Maine fisherman catches extremely rare orange lobster and discards it
A TikTok video shows the moment a fisherman catches a “unique” type of rare lobster before releasing it back into the ocean.
the videowhich has had over 850,000 views since it was posted a few days ago, was directed by Jacob Knowles, a fisherman from Maine who regularly posts videos documenting his time at sea and the various creatures caught.
“We caught our first single lobster,” Knowles says, holding a small orange lobster up to the camera. “She’s pretty cool, she’s all orange…looks like she’s wearing gloves.”
An orange lobster may not seem particularly rare since lobsters are usually depicted as either red or orange in color.
However, this is not what lobsters tend to look like in real life. Most lobsters are actually described as a mottled brown or blue color, and only after cooking do they take on the reddish color they are sometimes associated with.
Naturally, orange lobsters have actually been described as very rare. In 2021, the manager of a Canadian grocery store noticed that one of the lobsters in his store’s tank was orange in color.
“Being harassed and stuck in a tank seemed like a terrible way to go, so we started thinking about what we could do about it,” said Niki Lundquist, whose husband runs the store. The Guardian newspaper.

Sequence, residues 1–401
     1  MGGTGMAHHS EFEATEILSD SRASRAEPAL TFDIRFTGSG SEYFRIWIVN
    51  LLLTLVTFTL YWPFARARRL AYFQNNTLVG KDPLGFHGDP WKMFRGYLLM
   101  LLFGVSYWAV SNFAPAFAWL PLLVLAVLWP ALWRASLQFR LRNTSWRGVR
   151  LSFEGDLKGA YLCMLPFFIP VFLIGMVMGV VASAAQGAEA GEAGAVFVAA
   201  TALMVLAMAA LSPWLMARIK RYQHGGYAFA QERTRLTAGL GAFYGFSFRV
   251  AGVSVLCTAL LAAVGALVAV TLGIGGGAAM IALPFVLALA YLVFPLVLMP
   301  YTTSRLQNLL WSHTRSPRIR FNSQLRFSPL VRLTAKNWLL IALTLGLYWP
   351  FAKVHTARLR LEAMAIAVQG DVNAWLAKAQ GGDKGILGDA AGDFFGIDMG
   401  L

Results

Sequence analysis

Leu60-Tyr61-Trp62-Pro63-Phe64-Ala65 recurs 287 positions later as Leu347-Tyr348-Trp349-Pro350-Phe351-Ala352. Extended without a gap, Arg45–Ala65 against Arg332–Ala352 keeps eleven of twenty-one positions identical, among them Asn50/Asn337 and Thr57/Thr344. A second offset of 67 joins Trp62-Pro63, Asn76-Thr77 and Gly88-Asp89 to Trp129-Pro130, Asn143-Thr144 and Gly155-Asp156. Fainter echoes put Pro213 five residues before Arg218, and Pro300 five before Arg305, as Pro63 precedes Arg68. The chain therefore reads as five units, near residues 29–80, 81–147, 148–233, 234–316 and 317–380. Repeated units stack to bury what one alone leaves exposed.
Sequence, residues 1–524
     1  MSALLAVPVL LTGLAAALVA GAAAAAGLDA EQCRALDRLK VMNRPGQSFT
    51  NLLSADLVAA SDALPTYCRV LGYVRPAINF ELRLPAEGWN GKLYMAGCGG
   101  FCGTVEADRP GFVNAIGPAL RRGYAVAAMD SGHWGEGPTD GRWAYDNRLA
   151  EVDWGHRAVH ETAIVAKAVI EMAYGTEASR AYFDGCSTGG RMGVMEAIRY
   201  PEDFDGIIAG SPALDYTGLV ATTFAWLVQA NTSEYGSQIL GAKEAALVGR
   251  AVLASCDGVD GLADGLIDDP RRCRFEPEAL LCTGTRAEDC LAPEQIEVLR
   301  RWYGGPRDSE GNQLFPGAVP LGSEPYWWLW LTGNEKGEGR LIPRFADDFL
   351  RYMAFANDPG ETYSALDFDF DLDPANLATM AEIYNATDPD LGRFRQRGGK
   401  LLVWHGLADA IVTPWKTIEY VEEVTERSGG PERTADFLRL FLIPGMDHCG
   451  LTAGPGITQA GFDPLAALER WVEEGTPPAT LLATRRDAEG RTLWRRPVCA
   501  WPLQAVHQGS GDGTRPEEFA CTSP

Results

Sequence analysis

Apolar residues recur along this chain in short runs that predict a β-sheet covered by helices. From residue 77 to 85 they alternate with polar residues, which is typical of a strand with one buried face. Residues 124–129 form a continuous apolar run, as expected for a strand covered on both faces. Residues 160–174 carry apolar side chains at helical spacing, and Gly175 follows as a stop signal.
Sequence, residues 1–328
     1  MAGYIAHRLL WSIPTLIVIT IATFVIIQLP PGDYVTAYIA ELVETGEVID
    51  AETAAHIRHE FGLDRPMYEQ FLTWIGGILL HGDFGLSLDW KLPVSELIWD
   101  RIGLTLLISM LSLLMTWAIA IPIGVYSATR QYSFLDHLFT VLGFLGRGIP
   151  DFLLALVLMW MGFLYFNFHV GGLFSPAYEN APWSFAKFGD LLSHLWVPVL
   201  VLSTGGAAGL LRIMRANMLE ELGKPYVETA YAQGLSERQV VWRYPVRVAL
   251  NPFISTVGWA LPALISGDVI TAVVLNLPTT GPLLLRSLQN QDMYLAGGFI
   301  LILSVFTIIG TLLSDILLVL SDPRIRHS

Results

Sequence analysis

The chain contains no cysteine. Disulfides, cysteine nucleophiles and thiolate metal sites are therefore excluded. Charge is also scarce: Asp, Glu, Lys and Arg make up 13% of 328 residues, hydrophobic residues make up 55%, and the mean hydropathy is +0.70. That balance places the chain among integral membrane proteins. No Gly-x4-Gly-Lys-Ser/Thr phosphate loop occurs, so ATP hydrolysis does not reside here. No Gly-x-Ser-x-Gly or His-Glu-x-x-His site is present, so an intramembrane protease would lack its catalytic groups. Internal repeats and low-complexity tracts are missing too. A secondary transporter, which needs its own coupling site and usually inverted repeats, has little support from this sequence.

They decided to take him to the Ripley’s Aquarium of Canada, which gladly accepted the lobster from the “awesome” couple. In a Facebook post, the aquarium described the lobster, which it named Pinchy, as a “one in 30 million creature”.
Knowles, aware of the rarity of the orange lobster seen in his TikTok video, gives the rare little animal a small notch on its tail using what appears to be some sort of slicing tool. “That way, once she grows up…people won’t be able to keep her.”
Knowles then intentionally drops the rare lobster overboard, sending it back into the water.
According to a 2015 study, the reason lobsters turn red when cooked is due to the interaction between a chemical called astaxanthin and a group of proteins they produce.
The cooking of lobsters, which tend to be boiled alive, has been criticized as cruel. In 2021, the British Veterinary Association referred to compelling evidence that decapod crustaceans like lobsters and crabs are capable of suffering, and that crabs can be conscious of being boiled alive for three full minutes. They also highlighted growing evidence that pre-chilling animals is ineffective.